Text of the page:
[17] After each loading step, displacements are interpolated from the mechanics mesh to the erosion mesh, and the coordinates of both meshes are updated in a Lagrangian manner. Following the computation of changes in surface topography, a corresponding vertical load increment is determined from the average over all erosion elements contained within each mechanics element (yielding a constant vertical load increment within each mechanics element).

4. Boundary Conditions, Initial Conditions, and Parameter Values

[18] The system of governing equations is solved for the five unknowns u, v, w, s, and q subject to the following boundary conditions: (1) simple support conditions (i.e., w = 0) at y = 0 and y = ly; (2) imposed displacement increment v0 for v at y = 0; (3) zero v at y = ly; (4) zero u at x = lx/2 on the y = 0 and y = ly boundaries; (5) zero w,x at x = 0 and x = lx; (6) fixed elevation for s at y = 0 and y = ly; (7) zero s,x at x = 0 and x = lx; (8) fluid flow is periodic at the x = 0 and x = lx boundaries; and (9) fluid flux is zero at the y = 0 and y = ly boundaries if inflow occurs; otherwise, the fluid can flow out unconstrained. These conditions are summarized in Figure 1b. Physically, these boundary conditions state that the plate is being compressed from one side at a constant horizontal velocity while it is blocked from moving in the direction of compression at the opposite boundary. Moreover, the loaded boundary and the opposing blocked boundary are constrained to have no vertical deformation. The lateral boundaries are free to deform in the vertical direction but are constrained against horizontal movement in the direction parallel to the orogen. The topography is fixed at a constant elevation at the loaded and opposing blocked boundary, while it is constrained to have no slope parallel to the orogen axis on the lateral boundaries (i.e., zero sediment flux).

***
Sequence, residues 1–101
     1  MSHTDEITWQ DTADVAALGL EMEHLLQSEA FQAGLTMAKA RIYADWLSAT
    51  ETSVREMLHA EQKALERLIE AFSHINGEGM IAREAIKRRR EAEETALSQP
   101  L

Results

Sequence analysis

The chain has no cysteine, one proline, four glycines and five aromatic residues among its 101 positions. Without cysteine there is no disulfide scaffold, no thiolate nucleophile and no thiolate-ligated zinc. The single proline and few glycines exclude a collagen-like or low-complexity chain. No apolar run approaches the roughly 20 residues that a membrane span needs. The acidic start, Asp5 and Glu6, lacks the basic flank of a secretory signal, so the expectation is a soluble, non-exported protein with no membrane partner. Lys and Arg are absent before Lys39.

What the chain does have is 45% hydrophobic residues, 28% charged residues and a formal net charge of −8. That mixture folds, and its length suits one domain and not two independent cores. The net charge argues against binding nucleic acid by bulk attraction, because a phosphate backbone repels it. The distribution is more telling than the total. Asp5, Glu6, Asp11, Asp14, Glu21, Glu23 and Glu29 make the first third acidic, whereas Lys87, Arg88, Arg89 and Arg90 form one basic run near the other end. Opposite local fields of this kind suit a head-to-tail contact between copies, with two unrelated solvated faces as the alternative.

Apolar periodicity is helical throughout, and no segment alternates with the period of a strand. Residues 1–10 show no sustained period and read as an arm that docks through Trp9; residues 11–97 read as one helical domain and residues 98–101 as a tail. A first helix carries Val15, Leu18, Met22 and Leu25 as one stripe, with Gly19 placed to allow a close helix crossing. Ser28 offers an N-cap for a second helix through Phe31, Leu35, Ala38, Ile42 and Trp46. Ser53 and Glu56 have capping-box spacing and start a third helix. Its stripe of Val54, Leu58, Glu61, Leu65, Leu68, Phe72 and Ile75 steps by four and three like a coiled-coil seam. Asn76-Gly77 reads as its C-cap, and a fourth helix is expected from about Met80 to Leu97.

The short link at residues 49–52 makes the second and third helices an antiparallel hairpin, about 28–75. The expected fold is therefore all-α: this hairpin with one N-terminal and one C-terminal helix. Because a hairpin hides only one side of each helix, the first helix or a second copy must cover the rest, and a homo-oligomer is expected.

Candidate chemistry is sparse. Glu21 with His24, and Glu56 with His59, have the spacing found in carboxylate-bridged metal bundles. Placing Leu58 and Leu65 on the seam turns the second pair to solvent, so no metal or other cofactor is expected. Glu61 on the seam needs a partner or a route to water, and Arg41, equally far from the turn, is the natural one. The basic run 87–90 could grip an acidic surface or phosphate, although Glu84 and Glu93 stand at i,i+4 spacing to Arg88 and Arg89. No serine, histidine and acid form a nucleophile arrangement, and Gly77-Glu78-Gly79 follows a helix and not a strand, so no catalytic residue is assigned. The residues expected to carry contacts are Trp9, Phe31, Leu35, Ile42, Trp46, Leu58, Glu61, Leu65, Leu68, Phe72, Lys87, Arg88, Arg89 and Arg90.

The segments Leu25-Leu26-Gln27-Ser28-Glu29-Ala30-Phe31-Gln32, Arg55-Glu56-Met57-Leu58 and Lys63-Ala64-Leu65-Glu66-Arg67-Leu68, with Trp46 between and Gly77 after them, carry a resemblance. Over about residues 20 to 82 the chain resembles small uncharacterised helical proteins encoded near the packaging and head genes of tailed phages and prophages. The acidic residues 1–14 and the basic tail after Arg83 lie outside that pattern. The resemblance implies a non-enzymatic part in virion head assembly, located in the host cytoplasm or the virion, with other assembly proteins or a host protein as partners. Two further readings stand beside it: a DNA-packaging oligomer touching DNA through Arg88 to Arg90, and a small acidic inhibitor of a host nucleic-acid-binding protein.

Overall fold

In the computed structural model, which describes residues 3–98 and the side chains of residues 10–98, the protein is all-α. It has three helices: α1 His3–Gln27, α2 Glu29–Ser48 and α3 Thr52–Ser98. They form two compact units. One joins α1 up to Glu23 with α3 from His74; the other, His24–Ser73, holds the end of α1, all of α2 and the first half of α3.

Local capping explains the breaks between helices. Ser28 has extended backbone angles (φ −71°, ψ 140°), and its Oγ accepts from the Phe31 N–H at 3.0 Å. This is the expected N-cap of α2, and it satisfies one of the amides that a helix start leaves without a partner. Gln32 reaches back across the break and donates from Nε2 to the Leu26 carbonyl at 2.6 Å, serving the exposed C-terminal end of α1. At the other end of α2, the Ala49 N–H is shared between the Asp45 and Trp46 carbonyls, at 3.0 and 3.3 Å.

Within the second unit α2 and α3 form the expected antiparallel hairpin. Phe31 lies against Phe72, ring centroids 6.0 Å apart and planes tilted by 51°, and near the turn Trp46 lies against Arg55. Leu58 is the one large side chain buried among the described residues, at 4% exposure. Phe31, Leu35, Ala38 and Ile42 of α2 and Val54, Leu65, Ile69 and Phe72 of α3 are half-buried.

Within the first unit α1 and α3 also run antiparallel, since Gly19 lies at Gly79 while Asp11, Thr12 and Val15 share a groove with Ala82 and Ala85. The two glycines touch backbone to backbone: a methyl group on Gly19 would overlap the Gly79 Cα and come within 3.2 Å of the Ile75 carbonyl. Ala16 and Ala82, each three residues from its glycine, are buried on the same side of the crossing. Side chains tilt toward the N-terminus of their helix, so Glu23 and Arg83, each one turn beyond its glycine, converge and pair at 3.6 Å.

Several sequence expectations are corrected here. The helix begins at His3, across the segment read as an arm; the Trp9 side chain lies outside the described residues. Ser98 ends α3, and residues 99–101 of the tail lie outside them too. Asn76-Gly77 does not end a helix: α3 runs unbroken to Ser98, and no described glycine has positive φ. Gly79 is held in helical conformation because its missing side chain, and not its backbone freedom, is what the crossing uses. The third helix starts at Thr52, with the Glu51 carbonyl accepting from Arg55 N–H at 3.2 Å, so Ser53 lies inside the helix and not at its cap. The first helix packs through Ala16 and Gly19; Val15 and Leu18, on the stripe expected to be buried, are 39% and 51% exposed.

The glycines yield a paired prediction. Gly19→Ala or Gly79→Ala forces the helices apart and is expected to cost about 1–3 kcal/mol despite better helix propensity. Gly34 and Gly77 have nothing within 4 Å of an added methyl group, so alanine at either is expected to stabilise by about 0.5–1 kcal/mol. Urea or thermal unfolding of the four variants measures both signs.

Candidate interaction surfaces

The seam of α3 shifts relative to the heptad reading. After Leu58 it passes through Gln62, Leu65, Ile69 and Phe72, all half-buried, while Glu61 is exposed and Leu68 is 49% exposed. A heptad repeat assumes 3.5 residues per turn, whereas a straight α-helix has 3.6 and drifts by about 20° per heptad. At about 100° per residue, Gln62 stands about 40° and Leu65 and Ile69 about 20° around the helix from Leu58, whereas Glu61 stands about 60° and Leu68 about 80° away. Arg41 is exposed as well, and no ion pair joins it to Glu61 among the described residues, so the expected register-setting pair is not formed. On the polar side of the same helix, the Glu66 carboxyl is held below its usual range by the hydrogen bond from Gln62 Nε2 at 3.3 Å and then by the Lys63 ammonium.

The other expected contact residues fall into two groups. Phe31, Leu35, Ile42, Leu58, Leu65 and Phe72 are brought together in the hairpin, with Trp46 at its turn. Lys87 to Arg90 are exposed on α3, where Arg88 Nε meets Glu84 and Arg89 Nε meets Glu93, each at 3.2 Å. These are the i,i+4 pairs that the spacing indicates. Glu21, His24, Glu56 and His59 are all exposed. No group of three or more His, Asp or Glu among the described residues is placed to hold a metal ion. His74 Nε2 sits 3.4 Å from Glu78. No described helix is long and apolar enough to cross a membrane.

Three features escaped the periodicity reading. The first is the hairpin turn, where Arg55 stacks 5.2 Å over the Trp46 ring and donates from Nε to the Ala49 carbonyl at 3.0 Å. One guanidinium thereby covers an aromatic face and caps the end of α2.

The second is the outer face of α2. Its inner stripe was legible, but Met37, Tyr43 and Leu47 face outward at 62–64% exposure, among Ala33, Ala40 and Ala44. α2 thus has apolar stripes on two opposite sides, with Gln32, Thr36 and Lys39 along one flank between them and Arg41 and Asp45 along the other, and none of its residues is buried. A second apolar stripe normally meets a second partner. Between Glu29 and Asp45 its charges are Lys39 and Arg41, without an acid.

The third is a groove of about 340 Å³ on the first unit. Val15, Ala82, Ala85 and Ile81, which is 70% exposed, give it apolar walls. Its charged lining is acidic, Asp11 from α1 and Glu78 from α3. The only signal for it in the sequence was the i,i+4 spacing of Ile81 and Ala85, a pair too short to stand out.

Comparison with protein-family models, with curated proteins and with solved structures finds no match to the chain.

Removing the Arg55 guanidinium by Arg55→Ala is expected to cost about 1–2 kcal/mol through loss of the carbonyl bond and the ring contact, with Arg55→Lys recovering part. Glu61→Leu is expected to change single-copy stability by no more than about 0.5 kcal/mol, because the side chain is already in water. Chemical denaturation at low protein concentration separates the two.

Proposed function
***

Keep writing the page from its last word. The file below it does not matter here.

[19] The initial plate deflection W was assumed to be given by the following simple isotropic function:

display math

where w0 and a are the maximum amplitude and characteristic length scale of the initial deflection, respectively. All computations were performed with w0 = 10 m and a = 5000 m. The initial topography is given by

display math

where β is a sequence of random numbers with a uniform distribution over the range [0 1]. For convenience, the topography throughout the remainder of this study is referred relative zero and not to the top of the deflected plate. Note, however, that the topography is actually located a distance h0/2 above the midplate deflection.